On Newt Gingrich’s 1945

I own Newt Gingrich’s 1945.

Confession time.

I paid full price for it. On the day it came out.

1945. It’s legendary in science fiction circles. Then-Speaker of the House Newt Gingrich made a deal with Baen Books for a series of alternate history novels. Co-written with William Forstchen, 1945 posited a world where Adolf Hitler never declared war on the United States after the Japanese attack on Pearl Harbor, so that the US never became involved in the European War. Now, it’s several years after Germany has finished their conquest of the (former) Soviet Union and the entire weight of the United States military crushed Imperial Japan, and matters are afoot. Germany is armed to the teeth, the United States is wary, then Britain is invaded. The Germans launch a commando attack and long-range bombing attack on Tennessee. A new war is at hand, and only one country will stand the victor.

And that’s how the book ends. It’s a cliffhanger, and nearly fifteen years later, the story of this science fictional saga hasn’t been finished.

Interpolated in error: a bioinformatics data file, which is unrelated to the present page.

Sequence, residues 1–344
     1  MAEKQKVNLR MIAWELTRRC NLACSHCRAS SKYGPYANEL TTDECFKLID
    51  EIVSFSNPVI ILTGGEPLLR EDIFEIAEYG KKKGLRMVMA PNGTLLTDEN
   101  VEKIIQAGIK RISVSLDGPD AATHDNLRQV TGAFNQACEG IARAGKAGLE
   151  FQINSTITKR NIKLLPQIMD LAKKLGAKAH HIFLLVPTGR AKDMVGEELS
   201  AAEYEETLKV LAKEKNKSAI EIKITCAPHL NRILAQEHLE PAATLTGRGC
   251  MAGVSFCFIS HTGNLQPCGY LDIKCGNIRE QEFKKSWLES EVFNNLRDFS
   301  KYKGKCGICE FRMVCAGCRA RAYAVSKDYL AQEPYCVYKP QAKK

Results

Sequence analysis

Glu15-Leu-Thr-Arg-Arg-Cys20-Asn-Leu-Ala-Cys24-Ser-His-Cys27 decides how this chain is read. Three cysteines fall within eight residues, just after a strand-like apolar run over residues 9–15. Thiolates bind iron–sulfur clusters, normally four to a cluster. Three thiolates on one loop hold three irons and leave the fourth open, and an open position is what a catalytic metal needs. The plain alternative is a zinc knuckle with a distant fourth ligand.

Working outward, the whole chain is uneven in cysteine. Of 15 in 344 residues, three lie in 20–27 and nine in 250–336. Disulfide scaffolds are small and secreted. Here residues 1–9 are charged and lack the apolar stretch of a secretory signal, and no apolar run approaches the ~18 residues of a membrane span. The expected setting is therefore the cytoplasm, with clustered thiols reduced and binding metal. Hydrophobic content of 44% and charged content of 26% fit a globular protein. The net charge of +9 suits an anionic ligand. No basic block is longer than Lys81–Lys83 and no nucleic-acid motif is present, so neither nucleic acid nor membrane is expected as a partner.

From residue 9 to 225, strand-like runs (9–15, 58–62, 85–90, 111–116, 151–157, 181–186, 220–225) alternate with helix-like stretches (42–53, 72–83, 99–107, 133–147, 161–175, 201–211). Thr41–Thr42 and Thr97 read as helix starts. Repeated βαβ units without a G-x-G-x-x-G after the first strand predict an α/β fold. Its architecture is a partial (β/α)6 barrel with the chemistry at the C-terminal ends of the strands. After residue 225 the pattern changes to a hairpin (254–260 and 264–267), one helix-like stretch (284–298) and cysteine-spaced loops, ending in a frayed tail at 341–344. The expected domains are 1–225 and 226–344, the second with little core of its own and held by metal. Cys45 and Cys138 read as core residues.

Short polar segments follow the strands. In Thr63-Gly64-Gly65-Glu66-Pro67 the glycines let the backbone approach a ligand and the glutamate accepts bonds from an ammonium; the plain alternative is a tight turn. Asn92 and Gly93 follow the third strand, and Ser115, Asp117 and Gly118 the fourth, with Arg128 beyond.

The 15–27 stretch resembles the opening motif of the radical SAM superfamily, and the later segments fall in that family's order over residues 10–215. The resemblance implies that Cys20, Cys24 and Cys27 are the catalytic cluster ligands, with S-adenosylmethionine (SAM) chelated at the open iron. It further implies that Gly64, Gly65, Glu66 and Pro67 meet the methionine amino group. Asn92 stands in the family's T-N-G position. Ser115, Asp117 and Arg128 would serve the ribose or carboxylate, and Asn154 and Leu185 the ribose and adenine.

But that’s not why the book is legendary.

No, the legend of 1945 has more to do with how it went over in the marketplace (early excerpts were roundly mocked), reviewed (universally panned), and sold (which is, it didn’t; it nearly crippled Baen Books and 1945 was a fixture of bargain book sales for a decade).

Today, io9 makes an impassioned appeal — finish the story, Mr. Former Speaker. :)

I enjoyed 1945. It’s not a great novel. I was in an alternate history phase in those days; I think Harry Turtledove’s World War finally killed that in me. I remember that 1945 had interesting ideas, however, and I described it at the time as the sort of alternate history World War II novel Tom Clancy would have written.

Oh, have no fear. The world is safe from 1946 (or whatever the next book would have been called). Gingrich and Forstchen are still writing alternate histories — they wrote a Civil War series, and they’re in the midst of an alt-World War II saga — but there’s no chance that a publisher would say, “Yes, let’s publish a sequel to one of the most-mocked science fiction novels of all time.”

Still, it amused me to see someone yearning for a sequel to this novel. Fun times. :)

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